As The Atlantic reports,
The Department of Homeland Security will take apart the vestiges of a controversial program that was used to register and track visitors from Muslim-majority countries, a move which will make it more difficult for Donald Trump to instate a registry system for Muslims once he takes office next month.
The change, which comes just four weeks before the end of President Obama’s last term, removes the skeleton of a program that hasn’t been in use since 2011. When it was active, the “special registration” program—the National Security Entry-Exit Registration System, or NSEERS—had two parts, and applied only to people from 25 countries named by DHS. Twenty-four of them were Muslim-majority countries…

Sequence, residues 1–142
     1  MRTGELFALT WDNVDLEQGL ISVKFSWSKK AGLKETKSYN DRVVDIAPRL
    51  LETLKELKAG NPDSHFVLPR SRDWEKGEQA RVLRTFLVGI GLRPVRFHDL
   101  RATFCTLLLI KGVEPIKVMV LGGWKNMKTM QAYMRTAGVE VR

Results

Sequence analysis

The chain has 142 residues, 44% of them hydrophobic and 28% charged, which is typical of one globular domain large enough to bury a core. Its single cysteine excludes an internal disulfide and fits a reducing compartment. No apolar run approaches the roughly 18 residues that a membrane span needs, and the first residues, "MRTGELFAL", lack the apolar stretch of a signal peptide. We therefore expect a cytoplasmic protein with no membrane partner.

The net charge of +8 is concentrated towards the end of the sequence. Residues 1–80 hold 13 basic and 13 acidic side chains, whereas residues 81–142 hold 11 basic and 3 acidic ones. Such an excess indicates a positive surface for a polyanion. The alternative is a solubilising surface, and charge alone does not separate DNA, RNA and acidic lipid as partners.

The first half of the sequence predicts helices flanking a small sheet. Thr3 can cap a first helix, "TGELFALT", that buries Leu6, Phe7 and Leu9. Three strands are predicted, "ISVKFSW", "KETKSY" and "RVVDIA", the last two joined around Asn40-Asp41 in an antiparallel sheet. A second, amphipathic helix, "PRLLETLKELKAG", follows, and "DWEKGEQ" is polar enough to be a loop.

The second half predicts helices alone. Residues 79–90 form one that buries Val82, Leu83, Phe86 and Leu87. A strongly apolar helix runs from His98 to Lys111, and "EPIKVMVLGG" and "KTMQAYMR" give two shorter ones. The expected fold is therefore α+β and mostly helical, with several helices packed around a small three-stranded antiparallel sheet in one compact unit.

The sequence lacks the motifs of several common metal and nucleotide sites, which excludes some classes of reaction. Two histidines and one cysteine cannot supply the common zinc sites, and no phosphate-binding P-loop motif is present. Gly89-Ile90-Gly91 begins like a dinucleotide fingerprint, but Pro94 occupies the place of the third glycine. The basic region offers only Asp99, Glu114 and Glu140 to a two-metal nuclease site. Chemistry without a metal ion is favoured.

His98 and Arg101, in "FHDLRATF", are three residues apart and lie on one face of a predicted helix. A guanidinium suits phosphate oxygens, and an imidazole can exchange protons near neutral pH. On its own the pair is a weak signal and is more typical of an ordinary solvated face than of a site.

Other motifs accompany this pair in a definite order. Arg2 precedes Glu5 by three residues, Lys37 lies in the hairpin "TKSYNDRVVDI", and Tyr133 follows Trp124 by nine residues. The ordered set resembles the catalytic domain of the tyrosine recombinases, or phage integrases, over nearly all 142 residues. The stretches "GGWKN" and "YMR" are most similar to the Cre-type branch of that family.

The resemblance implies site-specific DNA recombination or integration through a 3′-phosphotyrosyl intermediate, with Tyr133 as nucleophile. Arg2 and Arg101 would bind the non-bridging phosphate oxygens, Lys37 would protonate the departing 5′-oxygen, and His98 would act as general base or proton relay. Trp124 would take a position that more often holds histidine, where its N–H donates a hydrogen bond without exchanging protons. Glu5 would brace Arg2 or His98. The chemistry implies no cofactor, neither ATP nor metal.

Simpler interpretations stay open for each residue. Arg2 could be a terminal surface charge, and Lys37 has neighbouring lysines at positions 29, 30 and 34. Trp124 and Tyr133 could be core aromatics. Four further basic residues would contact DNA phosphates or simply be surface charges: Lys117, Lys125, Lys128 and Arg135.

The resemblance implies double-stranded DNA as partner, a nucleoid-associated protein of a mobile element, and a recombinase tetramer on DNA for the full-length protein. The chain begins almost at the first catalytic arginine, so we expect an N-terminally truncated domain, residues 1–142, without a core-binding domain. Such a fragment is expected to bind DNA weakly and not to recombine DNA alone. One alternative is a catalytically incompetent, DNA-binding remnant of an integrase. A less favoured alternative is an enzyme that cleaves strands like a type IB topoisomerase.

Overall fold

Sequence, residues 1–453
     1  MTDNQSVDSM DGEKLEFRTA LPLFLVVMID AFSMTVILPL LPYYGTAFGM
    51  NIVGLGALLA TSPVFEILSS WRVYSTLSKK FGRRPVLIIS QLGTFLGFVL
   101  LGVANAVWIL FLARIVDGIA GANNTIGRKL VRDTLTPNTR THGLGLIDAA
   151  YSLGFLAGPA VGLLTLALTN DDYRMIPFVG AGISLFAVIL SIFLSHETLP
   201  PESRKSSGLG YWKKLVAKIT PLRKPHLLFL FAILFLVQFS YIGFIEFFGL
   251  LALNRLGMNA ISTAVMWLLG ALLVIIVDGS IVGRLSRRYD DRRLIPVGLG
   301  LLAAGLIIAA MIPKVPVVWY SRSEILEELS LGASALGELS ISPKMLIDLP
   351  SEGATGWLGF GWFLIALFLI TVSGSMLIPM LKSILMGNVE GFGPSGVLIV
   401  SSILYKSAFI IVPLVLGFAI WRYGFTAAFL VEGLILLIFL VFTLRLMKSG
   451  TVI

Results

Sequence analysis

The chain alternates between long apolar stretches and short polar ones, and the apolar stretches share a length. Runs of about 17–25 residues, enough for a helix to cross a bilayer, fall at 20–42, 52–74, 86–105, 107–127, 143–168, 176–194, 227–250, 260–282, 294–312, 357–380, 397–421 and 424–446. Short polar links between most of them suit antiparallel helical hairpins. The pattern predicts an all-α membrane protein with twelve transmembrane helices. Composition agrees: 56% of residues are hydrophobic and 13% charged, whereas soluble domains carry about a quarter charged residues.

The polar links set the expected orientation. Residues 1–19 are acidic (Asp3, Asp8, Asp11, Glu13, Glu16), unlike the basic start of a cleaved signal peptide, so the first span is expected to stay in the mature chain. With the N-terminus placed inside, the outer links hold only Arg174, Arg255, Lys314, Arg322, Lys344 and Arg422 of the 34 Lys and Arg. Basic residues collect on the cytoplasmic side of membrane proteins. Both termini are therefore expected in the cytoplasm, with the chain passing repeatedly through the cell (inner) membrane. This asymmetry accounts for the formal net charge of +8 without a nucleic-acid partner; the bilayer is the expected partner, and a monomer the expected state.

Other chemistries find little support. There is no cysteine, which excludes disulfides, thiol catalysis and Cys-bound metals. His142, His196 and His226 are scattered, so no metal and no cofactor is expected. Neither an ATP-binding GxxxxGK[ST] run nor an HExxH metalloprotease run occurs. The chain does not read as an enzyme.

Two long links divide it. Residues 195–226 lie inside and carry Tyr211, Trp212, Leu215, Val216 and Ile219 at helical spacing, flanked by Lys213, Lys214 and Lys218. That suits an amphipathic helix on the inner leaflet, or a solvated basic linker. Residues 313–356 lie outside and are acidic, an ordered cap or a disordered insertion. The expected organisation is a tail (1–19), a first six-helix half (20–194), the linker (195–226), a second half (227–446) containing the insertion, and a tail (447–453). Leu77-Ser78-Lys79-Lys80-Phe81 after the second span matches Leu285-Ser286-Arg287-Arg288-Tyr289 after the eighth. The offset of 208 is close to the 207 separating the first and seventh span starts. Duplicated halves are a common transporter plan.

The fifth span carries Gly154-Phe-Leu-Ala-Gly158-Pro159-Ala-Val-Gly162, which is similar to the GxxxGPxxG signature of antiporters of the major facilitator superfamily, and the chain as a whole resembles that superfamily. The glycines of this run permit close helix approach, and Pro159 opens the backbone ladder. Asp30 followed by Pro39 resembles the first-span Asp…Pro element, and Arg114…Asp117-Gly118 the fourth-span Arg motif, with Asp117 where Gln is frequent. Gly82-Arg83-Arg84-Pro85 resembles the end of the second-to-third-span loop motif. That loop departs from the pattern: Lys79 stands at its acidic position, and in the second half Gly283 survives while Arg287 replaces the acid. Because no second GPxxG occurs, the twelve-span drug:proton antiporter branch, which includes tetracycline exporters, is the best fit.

The complete dismantling of NSEERS doesn’t prevent Trump from creating a new program to track people from Muslim-majority countries. But nor is it only a symbolic rejection of similar programs from the outgoing president. Leaving the program in place would have given Trump a turnkey registry in waiting.
“DHS ceased use of NSEERS more than five years ago, after it was determined the program was redundant, inefficient and provided no increase in security,” a spokesperson for the agency said Thursday. “The intervening years have shown that NSEERS is not only obsolete, but that its use would divert limited personnel and resources from more effective measures.”